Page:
• Sky



    Viewing 15 replies - 46 through 60 (of 176 total)
    • in reply to: Magic Keyboard – US English #2511083

      The advice you were given from Apple was incorrect. The Magic Keyboard has a lightning port, so a USB-A to USB-C cable won’t let you connect anything.

      If you want to connect to a USB-A port on your 2017 iMac then what you need is a USB-A to Lightning cable, which it sounds like you already have (the first generation Magic Keybord came with one), so that will do fine.

      However, the 2017 iMac has two Thunderbolt 3 ports, which can be used as USB-C ports, so you can also connect your new Magic Keyboard to one of them using the USB-C to Lightning cable that your new Magic Keyboard came with.

    • This is about 2% of the profit that they made last year, it’s meaningless to them. Facebook will see this as just the cost of doing business.

      2 users thanked author for this post.
    • in reply to: Use Open AI to write code for you? #2507221

      In terms of a computer programming itself, one could argue that we are already in a black box scenario, in the sense that if you asked the people who have created ChatGPT how it arrives at its answers they wouldn’t be able to tell you, because it has adjusted its models itself with so much data that it is far too complex for a human to understand.

      As mentioned earlier, this isn’t really ‘programming’, though, as ChatGPT has not adjusted its ‘brain’, but rather it’s adjusted its ‘mind’ through learning.

      There really are tremendous strides being made, though, as Bob99 says. It is notable, though, that even ChatGPT doesn’t use unsupervised learning, which many people see as needed to emulate human intelligence completely, while others think that quantum computing will be required to full replicate the complexity of biological brains, something which is a long long way away, partly due to incredible energy requirements.

      Personally, despite wavy’s joke, I see the near future of AI as more of a huge economic disruptor rather than sentience.


    • in reply to: Use Open AI to write code for you? #2507212

      It’s okay, I’ll forgive you! 😀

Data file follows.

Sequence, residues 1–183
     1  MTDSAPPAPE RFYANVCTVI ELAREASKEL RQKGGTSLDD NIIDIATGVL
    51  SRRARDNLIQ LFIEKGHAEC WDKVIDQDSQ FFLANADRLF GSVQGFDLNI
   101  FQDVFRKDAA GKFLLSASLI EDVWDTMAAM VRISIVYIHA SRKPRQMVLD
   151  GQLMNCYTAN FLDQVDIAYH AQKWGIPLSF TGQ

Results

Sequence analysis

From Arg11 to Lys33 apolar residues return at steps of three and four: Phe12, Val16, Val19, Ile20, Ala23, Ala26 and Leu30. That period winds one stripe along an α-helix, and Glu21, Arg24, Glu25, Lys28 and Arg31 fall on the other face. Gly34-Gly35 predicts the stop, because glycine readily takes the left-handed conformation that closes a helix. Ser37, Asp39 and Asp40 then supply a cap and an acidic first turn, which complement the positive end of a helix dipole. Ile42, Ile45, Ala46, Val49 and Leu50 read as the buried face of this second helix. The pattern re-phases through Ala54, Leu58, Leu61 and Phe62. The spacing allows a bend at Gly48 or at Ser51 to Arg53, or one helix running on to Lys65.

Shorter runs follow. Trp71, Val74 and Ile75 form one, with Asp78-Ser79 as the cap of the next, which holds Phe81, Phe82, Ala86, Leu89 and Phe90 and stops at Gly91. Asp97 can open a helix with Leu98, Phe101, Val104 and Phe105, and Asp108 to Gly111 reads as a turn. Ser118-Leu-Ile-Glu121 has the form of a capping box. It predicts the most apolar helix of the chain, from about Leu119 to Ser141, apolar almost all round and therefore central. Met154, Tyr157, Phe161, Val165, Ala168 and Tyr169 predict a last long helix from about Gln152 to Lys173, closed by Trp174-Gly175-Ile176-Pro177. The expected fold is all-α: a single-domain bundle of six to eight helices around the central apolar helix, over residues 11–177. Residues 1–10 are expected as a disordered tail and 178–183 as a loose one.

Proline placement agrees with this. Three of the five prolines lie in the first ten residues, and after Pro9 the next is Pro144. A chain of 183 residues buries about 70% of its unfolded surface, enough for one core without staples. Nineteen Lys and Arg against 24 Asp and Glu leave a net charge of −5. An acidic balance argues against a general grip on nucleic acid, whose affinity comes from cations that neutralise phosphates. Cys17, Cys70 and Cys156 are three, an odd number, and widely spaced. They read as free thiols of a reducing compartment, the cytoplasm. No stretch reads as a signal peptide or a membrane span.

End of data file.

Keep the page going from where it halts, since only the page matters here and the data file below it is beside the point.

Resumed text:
• in reply to: Use Open AI to write code for you? #2506335

      Machine learning and programming are two entirely different things. The whole point of machine learning is to solve tasks without explicit programming. Saying that machines can’t learn because they have code is like saying that humans can’t learn because they have brains – the code and the brains are only there as a platform upon which the learning takes place.

      Source: I have studied Artificial Intelligence (including machine learning) at university level. Appeals to authority are always unsatisfying, though, so you don’t have to take my word for it – there are many good resources out there on the subject, which I would encourage anyone with an interest in the future of technology to investigate.

    • in reply to: Use Open AI to write code for you? #2506324

      Apologies in advance for contradicting, but this isn’t what ChatGPT does. It is not a search engine and it does not copy and paste what someone wrote for it. It is an AI that has been trained via various types of machine learning, and thus it creates brand new results based on the patterns it has learned during its learning phase. Its creators have not gone and created an if statement saying that this is the answer that should be given if someone asks RetiredGeek’s question – it has learnt this itself by recognising patterns, in a similar way to how a human would learn something.

      AI is very much ‘a thing’, and, unlike crypto and NFTs, will completely revolutionise the world as we know it. Is an AI with human-level intelligence 10 or 20 years away? No. But if you’re looking for an impact, within 50 years AI will have completely transformed the economy, replacing huge numbers of low-skilled and high-skilled technical jobs with AI workers. I’ve already heard of programmers who have spent the past week doing their jobs by asking ChatGPT to create code and simply copy and pasting it (it can do a lot more complex code than Powershell commands).

    • in reply to: Use Open AI to write code for you? #2506319

      I suspect that RetiredGeek is referring to ChatGPT, which was launched recently.

    • They have tried to reassure the public by saying that the killer robots will not be equipped with guns but will instead be equipped with explosives. Because killing everyone in the vicinity is apparently better than the (already horrific) killing of specific people. Isn’t that reassuring…